By Barry Duchan
Editor's Note: This is the sixth in a series of new articles Barry will be writing on Mets second basemen for this site. - M.S.
Historically, the Mets organization has not produced many major league caliber second basemen, but in the mid-'90's, it contributed no less than three. Unfortunately, the Mets didn't realize what they had and made the ill-fated trade for Carlos Baerga. Keeping Jeff Kent would have been the simple solution and probably the best one, but if the Mets wanted to dispose themselves of him, maybe it would have been smart to trade him for a pitcher or outfielder and let their 3 homegrown products fight it out for the second base job. Any of them would have been a better choice than Baerga, who seemingly went from perennial all-star to fringe major leaguer in a flash.
There was no question that Baerga had been a premier hitter, a switch-hitter at that, and a three-time all star, but when Cleveland made him available in 1996, the Mets were one of the few interested teams. He had gained a lot of weight and his skills seemed to have eroded, but the Mets, as they have so often, went for a player who HAD been great, hoping that he would bounce back. He never did.
In the meantime, the farm system produced three players who would go on to clearly out-perform Baerga over the next few years. Fortunately, the Mets did hold on to Edgardo Alfonzo who bounced back and forth between 2nd and 3rd throughout his tenure with the team, until back problems limited his effectiveness several years later. Could the Mets have traded Kent and Vizcaino for Matt Williams, filling the hole at third and giving Alfonzo the fulltime job at second ? That could have been one way the Mets might have done it better.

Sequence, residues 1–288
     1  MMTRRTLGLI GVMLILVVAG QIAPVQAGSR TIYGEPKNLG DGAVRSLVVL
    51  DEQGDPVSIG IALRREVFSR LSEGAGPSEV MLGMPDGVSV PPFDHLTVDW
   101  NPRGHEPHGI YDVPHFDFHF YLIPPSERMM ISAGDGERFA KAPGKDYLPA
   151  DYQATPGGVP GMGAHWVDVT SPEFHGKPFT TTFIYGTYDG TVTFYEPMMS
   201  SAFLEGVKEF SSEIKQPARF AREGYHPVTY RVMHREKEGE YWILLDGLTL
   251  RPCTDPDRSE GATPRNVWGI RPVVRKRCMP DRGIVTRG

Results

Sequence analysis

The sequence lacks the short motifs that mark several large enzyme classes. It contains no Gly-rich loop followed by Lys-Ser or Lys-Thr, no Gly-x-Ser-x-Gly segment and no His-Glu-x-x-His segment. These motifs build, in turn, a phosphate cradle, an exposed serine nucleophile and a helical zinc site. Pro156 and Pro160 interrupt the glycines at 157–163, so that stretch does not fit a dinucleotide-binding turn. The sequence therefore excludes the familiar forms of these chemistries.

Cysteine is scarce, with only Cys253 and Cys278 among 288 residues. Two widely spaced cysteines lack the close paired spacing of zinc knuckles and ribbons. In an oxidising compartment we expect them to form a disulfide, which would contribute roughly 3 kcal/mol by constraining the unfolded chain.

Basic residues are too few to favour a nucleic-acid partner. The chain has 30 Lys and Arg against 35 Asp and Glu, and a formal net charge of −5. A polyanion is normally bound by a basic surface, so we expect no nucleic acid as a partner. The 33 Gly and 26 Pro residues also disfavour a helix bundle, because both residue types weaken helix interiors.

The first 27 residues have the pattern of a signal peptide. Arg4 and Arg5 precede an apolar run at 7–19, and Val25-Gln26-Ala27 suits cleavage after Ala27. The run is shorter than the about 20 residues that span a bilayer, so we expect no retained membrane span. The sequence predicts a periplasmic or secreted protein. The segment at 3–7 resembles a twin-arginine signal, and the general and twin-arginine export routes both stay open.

And then there were two other second basemen who came up through the Mets organization who would go on to play regularly in the major leagues for other teams. One of them had a brief chance with the Mets in 1994. He would be traded that off-season for disappointing reliever Doug Henry. That was Fernando Vina who would go on to play 10 years in the big leagues, mostly as a regular second baseman, batting over .300 three times.
The other, Quilvio Veras, never played an inning for the Mets despite being a AAA all-star. He was traded to the Marlins for Carl Everett and immediately became one of baseball's top stolen base threats. Although his career was shortened because of injuries, he could have been an exciting player for the Mets. So, the trade for Baerga was not only a terrible one because the Mets gave up Kent, but also because if they were going to trade Jeff, they could have helped themselves at other positions and any one of Alfonzo, Vina, or Veras could have filled the second base hole.
In the 1998 off-season, the Mets made the right moves in letting Baerga walk, signing free-agent Robin Ventura to be the regular third baseman and moving Edgardo Alfonzo to second. For the next 3 years, that combination was part of one of the major league's best infields and second base was back in good hands. Unfortunately, there was another bad move to come soon.
Part 1 - A History of Mistakes
Part 2 - The Sixties
Part 3 - The Seventies and Eighties
Part 4 - Gregg Jefferies
Part 5 - Jeff Kent
Part 6 - The Carlos Baerga era/error - Current Article
Part 7 - Roberto Alomar
Part 8 - 2004 - 2005
Part 9 - 2006 - 2008
Part 10 - The Future